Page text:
I amar prestar aen,
Han mathon ne nen,
Han mathon ne chae
A han noston ned ’wilith
And here we are again. It was nearly exactly one year ago when I started my experiment using HubPress as blogging system. The glorious count of blog posts actually published made it up to four – including the one announcing the change. To be fair, the other blog on my Jimdo site only grew by two posts in the same time. But what happened? Hadn’t I hoped for greater posting frequency?
Indeed, I had. However, there were a couple of things I had not foreseen. First to blame was certainly my professional engagement, which in 2017 consumed more time and energy than ever before – commuting almost fortnightly between Hamburg and Toulouse certainly took its toll. Therefore, my engagement in programming and other topics I could have written about was significantly reduced. The tiny bit of time that remained I decided to not dedicate it to publishing. This was not a conscious decision though, but rather an instinctive one – and HubPress played its role in it.
My initial euphoria soon suffered from first hand experiencing how petulantly HubPress tended to behave. First of all, authentication was a permanent issue – HubPress authenticates against GitHub, but in quite a paranoid way, forcing me to re-enter credentials several times during creation of an article. Then I found out that I could use Chromium or Chrome for editing articles, but publishing them only worked with FireFox (and only in a fresh session). The least tedious workflow I set up finally involved using Chrome for creating a post stub, Atom for writing and editing the content, and FireFox for publishing it. Not exactly what I would call a clean and easy to follow workflow, and again bound to using a computer with specific software installed (namely Atom and Git).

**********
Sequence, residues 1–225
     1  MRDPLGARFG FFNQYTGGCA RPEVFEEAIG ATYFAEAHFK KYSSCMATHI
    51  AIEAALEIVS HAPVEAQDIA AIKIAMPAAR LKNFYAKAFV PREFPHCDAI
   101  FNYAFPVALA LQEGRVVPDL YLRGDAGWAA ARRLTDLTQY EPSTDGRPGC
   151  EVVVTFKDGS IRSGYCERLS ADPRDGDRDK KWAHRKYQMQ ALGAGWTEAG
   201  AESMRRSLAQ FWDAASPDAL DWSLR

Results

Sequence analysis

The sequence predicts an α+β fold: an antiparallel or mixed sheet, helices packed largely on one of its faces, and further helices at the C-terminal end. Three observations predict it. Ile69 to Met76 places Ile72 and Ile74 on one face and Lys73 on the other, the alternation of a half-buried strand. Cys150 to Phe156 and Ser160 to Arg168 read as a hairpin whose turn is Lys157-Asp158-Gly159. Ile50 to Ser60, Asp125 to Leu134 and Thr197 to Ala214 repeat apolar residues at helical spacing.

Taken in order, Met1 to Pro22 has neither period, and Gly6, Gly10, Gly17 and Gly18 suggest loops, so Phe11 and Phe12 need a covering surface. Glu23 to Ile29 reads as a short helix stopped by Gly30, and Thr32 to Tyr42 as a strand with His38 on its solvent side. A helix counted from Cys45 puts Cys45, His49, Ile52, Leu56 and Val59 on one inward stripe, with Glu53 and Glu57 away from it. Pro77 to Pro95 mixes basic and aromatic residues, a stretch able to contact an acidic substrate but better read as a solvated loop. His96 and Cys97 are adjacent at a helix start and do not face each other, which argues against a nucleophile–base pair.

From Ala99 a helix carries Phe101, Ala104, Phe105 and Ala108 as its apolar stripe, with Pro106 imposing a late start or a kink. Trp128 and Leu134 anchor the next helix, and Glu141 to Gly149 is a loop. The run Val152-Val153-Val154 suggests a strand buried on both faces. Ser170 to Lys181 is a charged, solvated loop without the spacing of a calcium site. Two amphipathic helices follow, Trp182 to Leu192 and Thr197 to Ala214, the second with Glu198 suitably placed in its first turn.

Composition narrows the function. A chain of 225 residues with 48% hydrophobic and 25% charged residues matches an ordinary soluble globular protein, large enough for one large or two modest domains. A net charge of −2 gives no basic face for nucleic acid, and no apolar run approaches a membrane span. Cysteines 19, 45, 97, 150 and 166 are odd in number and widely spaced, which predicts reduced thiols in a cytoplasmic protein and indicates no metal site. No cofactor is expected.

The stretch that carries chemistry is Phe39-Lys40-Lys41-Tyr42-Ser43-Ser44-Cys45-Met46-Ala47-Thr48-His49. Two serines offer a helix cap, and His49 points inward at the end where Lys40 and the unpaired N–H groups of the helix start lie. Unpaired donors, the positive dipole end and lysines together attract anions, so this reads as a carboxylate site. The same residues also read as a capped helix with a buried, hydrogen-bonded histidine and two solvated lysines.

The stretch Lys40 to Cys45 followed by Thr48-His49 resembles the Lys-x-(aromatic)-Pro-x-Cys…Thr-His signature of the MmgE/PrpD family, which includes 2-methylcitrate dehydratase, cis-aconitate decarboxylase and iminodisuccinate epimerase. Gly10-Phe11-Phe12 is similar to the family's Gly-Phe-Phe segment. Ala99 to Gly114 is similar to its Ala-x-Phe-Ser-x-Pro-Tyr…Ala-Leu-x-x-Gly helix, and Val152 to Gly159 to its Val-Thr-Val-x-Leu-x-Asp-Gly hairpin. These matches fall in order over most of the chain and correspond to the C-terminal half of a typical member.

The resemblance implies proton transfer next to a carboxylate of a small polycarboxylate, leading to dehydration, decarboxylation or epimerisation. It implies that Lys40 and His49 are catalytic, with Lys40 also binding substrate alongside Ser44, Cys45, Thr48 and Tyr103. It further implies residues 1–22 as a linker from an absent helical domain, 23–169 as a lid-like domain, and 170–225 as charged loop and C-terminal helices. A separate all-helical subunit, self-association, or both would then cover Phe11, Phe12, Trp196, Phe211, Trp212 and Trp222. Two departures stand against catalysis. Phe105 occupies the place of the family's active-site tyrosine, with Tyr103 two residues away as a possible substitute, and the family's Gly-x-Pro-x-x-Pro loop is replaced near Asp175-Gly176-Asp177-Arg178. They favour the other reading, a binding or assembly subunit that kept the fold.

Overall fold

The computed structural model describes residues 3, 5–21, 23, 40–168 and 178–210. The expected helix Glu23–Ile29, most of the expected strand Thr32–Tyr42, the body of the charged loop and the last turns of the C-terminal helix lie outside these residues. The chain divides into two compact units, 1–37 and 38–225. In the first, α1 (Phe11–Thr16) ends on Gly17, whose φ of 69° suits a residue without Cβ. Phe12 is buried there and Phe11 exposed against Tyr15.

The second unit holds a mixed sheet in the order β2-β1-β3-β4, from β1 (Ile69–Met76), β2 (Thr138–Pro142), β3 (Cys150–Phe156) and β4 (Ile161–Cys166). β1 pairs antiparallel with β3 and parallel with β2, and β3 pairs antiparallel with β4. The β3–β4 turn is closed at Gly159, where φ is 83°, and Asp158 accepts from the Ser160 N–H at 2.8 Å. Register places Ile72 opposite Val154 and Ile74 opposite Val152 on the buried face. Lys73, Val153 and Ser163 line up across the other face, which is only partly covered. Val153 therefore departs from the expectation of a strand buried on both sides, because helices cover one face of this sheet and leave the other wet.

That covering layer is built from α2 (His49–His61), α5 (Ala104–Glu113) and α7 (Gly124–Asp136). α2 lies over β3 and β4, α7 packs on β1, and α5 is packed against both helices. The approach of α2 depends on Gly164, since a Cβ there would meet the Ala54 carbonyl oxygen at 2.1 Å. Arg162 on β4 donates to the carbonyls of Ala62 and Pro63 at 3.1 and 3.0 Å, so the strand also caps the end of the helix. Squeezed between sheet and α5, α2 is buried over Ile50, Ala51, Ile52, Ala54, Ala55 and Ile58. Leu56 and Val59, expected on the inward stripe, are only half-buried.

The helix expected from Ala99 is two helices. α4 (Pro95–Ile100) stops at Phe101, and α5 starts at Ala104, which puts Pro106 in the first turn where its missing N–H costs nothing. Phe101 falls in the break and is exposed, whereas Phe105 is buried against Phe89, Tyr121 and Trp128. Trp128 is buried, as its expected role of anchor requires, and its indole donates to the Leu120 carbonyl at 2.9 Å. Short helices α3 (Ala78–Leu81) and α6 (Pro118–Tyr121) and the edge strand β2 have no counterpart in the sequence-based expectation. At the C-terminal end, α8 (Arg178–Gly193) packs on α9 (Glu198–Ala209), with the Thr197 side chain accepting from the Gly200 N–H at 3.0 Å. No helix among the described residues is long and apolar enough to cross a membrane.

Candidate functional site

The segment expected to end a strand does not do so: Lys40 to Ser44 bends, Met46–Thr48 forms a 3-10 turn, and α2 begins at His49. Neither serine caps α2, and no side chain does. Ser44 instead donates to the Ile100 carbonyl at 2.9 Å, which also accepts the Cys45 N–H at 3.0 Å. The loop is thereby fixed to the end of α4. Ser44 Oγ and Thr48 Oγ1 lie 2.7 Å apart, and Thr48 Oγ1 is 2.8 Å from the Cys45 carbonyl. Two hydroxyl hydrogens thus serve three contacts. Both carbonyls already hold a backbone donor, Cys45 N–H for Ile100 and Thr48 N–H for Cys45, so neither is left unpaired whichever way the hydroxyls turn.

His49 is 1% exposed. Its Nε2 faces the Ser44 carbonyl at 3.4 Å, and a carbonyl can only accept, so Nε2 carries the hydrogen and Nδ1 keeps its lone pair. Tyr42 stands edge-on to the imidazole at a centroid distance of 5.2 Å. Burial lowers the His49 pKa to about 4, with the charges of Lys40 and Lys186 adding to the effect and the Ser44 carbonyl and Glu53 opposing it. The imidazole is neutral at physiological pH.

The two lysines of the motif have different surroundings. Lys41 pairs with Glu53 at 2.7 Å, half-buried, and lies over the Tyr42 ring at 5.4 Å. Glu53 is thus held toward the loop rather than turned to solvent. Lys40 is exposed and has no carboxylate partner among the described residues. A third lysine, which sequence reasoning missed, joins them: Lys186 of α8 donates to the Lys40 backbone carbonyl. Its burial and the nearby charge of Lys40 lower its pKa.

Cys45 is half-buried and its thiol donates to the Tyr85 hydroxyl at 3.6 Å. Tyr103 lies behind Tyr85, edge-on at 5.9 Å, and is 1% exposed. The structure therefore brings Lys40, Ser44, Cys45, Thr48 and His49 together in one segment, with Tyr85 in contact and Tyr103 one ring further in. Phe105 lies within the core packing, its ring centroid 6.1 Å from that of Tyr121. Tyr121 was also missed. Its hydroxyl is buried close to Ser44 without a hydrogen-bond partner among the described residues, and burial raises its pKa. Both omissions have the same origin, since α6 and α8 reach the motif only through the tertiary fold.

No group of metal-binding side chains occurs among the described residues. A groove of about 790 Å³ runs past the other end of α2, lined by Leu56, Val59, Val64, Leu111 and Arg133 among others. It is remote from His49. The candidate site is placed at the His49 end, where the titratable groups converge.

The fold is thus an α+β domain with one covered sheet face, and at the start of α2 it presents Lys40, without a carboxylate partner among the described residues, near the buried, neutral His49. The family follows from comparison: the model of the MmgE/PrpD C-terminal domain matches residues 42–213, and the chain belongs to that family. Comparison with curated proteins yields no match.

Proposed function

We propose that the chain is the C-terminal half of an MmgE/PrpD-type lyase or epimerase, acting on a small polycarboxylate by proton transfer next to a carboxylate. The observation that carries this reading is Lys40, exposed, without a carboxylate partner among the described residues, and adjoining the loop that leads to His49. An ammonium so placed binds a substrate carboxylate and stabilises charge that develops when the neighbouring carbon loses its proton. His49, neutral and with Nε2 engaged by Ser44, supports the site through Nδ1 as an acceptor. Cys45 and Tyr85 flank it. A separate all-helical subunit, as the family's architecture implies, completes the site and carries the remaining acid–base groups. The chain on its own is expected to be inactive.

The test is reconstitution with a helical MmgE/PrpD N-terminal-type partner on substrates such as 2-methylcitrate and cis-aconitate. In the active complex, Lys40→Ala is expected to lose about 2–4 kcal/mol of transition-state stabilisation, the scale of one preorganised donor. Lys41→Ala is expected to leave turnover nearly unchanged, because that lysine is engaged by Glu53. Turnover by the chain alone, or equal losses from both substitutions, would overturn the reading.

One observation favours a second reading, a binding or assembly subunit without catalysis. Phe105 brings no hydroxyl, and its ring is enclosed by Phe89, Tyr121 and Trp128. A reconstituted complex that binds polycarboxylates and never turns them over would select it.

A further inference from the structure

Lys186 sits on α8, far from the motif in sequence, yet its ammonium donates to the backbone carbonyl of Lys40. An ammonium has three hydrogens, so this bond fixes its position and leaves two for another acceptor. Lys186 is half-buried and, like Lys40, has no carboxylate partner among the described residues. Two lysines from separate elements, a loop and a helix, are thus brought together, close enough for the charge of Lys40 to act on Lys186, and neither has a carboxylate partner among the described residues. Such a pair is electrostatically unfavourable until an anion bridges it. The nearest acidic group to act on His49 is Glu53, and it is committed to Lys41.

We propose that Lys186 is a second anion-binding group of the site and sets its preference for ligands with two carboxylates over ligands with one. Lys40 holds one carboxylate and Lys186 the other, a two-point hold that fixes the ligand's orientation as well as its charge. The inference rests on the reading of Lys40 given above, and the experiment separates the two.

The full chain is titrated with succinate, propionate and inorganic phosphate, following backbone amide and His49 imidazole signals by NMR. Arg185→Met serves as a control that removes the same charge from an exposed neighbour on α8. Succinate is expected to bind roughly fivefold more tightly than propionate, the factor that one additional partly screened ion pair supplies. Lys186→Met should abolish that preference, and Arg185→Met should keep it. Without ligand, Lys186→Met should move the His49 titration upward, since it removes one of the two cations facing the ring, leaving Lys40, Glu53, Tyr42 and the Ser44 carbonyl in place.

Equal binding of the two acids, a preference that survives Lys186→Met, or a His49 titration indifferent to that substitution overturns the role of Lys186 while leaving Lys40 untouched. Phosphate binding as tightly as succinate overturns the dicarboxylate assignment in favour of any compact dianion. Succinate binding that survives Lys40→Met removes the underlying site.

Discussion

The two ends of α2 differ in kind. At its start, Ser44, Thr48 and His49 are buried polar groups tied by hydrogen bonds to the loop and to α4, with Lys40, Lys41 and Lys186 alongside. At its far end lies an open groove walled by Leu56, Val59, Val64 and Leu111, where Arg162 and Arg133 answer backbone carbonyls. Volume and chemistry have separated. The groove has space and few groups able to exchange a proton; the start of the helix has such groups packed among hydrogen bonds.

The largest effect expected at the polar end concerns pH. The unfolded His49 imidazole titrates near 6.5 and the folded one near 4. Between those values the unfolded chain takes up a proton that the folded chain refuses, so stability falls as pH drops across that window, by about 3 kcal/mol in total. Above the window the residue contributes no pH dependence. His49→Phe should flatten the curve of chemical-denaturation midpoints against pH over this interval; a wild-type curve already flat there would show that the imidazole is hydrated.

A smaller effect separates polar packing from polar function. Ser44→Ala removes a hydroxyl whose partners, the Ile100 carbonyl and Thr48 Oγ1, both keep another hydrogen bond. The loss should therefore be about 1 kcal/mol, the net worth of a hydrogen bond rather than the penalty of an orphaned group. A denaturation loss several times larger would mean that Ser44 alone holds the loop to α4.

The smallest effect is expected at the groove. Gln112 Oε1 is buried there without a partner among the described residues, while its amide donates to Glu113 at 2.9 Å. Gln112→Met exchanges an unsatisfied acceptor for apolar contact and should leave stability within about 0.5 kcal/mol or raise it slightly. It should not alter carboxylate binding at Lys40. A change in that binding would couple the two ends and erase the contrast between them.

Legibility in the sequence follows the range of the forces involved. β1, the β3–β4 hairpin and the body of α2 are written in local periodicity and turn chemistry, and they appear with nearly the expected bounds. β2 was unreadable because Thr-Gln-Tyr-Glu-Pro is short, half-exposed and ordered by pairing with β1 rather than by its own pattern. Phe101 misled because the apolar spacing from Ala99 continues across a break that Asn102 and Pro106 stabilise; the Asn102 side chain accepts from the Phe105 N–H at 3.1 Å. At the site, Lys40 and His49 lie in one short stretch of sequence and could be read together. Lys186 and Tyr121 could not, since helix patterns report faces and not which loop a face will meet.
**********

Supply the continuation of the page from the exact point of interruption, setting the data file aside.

For a while it looked as if HubPress was still undergoing active development, and indeed, in August last year a patch release was tagged. Therefore I still hoped for a while to see some of those tedious issues fixed, and gain better usability in the content creation and publishing process. However my hope was let down – said patch release was the last activity HubPress’ GitHub repository has seen ever since. Some time later I had to discover that HubPress’ web site (the former hubpress.io domain) had ceded to exist. My conclusion: HubPress is dead.
So where to host Ghost? DIY on a cloud service? Since Ghost dropped support for PostgreSQL, Heroku is no longer a viable option (and I’m not keen on starting new cloud service accounts around the different providers for every software product I want to use). Furthermore, I didn’t want to bother about installing and maintaining Ghost, a database backend, etc. And finally, I needed a provider with a European data centre. As this blog is online, you may have guessed already I found one – UK based Tsohost offers a great Ghost Hosting package, at a very affordable price. For the setup I had to bother their support team a couple of times, but they sorted it out in no time.
Well, here I am now, hoping again I will find some more time for writing stuff this year – at least the blogging platform won’t give me any excuses this time, I’ve seen to that. Besides, I converted the few articles from the HubPress blog and published them here as well – it just feels better having everything here. And the other website? I most probably won’t do the same with all the content of the Jimdo blog (maybe some selected items only), and I haven’t decided yet what to do with the other content availed over there. Time will tell, but again the probability I will keep on maintaining more than one site is not really high…